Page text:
I was 17 years old when I entered university and honestly did not know what to study. I remember being in the admissions office at Penn State and only then deciding on Liberal Arts, because it was the direction for those people who didn't know what to do. But my father was with me and I lost confidence in my choice and settled on Marketing instead. My father was a businessman and this choice seemed much safer in his presence. I actually finished my degree in Marketing. Worked in marketing. And quit. And 12 years later applied for my Masters. In Liberal Arts.

~Matthew Krasner My dreams of going to Columbia College in Chicago, to pursue a career in Fine Art, was quickly crushed by my mother. Her reasons were: "Get a real job. You can do art on the weekends". Devastated and unwillingly, I chose a new career path (Educational Psychology) but never lost hope of my dream. I entered Benedictine University and as luck would have it, they had an art program. Naturally, I would take all of my regular Psych classes and add on a few art classes each semester. When I was about to graduate, I asked my councilor how many more credits I needed to finish with a Minor in Fine Art. He said that I already completed a Fine Art Minor two year back and just needed to finish two classes to graduate with a double major. So, I stayed one more semester and ultimately received the degree I wanted, as well as the degree my mom wanted. A Happy Ending for all :)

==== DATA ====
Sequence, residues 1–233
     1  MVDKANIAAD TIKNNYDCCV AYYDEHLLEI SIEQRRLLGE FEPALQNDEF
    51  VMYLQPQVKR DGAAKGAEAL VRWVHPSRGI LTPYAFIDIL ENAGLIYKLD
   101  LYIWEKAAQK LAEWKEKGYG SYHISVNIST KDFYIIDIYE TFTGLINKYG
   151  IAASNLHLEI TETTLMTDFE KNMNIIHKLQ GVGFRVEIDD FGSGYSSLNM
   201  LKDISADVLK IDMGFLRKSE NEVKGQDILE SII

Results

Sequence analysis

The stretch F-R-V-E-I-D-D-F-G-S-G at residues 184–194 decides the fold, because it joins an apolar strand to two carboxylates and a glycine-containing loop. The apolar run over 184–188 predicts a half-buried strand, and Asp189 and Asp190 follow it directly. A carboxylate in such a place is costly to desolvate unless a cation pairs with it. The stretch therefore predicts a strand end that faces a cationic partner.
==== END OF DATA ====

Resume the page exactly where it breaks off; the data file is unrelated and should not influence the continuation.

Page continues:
~Izabela Mieszczańska

Parents tend to push us towards stable career choices, because they care about our well being. They want us to have a secure future. They want us to be settled and independent. Some children listen to their parents and do as they say, others not so much. Because sometimes the question “What do I want to be” comes in between them. For some perspective on this issue, I decided to ask several teachers about their decision making process when they were my age. How did they become what they are now?

“When I was at school, I had a passion for history which was encouraged by my parents and teachers. My mum would take me to historical sites around London which brought the subject to life and increased my interest even more. By the time I left school, I knew I would be studying history at university, and I couldn't imagine being away from the subject. By the time I graduated, I still felt the same and knew the best way to stay connected was by teaching history myself and hopefully passing on my passion to others!”

~Simon Bradley 14



in a Wood, and I These stories tell us a lot about parental influence on a child’s biggest decision. Judging by the answers, it’s not necessarily a bad thing. In the case of Mr. Bradley, his passion for history was fostered by his family. But as for Ms. Mieszczańska, her passion was in conflict with her mom’s pragmatism. And Mr. Krasner’s passion wasn’t awake yet, so he followed his father’s. Passion is a strong feeling of enthusiasm towards some object. So back to the quote: “Choose a job you love, and you will never have to work a day in your life.” It is telling us to follow our passions. How many of us are making our university choice based on passion? Is our passion strong enough to follow? I decided to interview Gabriel Okoko on this subject: